Google has launched its keyboard Gbroad in 22 Indian languages, a move which will allow users to message in their native language. The languages now supported include languages like Assamese, Bengali, Bodo, Dogri, Gujarati, Hindi, Kannada, Kashmiri, Konkani, Maithili, Malayalam, Manipuri, Marathi, Nepali, Odia, Punjabi, Sanskrit, Santhali, Sindhi, Tamil, Telugu and Urdu.
The keyboard supports both language keyboards and transliteration into native languages. Apart from this, another major develop is that Google brought gesture/swiping based typing to Gboard for Indian languages: This was missing earlier. The keyboard also allows emoji and gif search using Indian language text. Apart from this, Gboard now allows the resizing of the keyboard for users. It also allows users to search the web via the keyboard, share content with friends within the app.
Expect apps like WhatsApp in particular to benefit from these improvements, more than Google’s own messed up portfolio of messaging apps.
A sign of things to come: Neural Network translation in 9 Indian languages
Google translate has been included in the Gboard, but clearly, the more significant development than Gboard is the launch of neural network translation in 9 Indian languages: Hindi, Bengali, Punjabi, Marathi, Gujarati, Tamil, Telugu, Malayalam and Kannada.
This expands neural network translation for Google beyond Hindi, allowing for far more efficient and accurate translation of Indian language text. Melvin Johnson, Engineer at Google Translate pointed out that even with 300 million Hindi speaking users online, Hindi isn’t among the top 10 languages online in terms of content. Google is addressing that with translation, including translation of pages.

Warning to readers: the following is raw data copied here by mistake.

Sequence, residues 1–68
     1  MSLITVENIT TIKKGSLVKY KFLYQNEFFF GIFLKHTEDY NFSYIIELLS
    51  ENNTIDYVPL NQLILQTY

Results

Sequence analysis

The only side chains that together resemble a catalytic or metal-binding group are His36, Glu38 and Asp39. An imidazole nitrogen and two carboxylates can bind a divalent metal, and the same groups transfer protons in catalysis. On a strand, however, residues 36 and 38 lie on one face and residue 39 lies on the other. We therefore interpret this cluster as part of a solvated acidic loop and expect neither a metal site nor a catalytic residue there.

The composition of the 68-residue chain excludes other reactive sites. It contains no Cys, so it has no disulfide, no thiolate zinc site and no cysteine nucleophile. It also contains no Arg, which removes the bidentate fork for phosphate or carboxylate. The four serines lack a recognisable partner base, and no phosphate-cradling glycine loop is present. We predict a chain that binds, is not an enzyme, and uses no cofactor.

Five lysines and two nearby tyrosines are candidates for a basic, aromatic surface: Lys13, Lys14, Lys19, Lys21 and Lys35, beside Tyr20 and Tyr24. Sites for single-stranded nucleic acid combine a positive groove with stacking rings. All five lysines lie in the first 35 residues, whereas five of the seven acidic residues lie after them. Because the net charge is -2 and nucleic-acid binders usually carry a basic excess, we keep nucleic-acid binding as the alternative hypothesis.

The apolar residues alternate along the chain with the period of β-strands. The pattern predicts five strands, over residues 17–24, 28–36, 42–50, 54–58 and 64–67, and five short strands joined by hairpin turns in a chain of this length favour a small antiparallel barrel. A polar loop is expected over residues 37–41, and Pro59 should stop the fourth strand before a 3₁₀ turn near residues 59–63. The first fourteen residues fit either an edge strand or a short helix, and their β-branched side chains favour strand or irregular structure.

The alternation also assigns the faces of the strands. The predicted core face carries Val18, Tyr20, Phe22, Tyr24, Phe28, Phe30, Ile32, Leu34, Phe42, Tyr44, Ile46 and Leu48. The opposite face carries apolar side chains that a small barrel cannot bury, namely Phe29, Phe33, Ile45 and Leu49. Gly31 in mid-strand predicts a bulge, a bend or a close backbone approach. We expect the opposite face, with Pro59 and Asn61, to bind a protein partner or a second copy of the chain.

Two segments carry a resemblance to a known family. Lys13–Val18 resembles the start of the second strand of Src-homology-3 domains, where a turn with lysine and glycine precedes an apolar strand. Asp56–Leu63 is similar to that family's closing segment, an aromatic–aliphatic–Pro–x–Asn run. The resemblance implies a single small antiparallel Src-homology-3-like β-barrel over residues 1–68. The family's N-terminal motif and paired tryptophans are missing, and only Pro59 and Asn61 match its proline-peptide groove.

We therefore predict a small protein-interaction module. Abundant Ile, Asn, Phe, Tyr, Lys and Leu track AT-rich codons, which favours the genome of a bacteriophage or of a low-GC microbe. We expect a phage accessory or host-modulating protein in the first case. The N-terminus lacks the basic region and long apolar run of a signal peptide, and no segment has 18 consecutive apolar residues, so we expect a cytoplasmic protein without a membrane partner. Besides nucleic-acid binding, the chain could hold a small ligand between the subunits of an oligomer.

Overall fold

“We perform 1 billion translations every single day”, he said, which amounts to 140 billion words, or 1 million books. Google has 500 million users globally using translate, and 95% of users are outside the US, with Brazil, India, Russia and Indonesia being the top countries. Johnson said that they’ve used neutal machine translation to bridge the gap between phrase based (less efficient) and human (more efficient) translation. “Neural machine translation allows the translation of the entire sentence, instead of on a piecemeal basis.” Google is switching all languages into a new system, and Johnson said that because of the efficacy of neural network translation, they’ll be able to launch in new languages.
Google builds language models, which allow translation from one language to the other, and with neural network processing, they’re able to translate without building one-to-one models. How does Google build these models? “Google has access to the entire web. We look for parallel documents on the web, which are trying to say the same thing in two different languages. For example, the BBC. We break it down and feed in examples of sentences in one language and in another, and it learns to do this mapping.”
“With neural systems, it takes 2-3 weeks to train per model, for hundreds for FPUs. For it to work really well, it needs hundreds of millions of examples for it to work really well. ”
Why this matters is that with time, this language translation capability will extend to voice and across devices, which is where the company is going with its Google Assistant.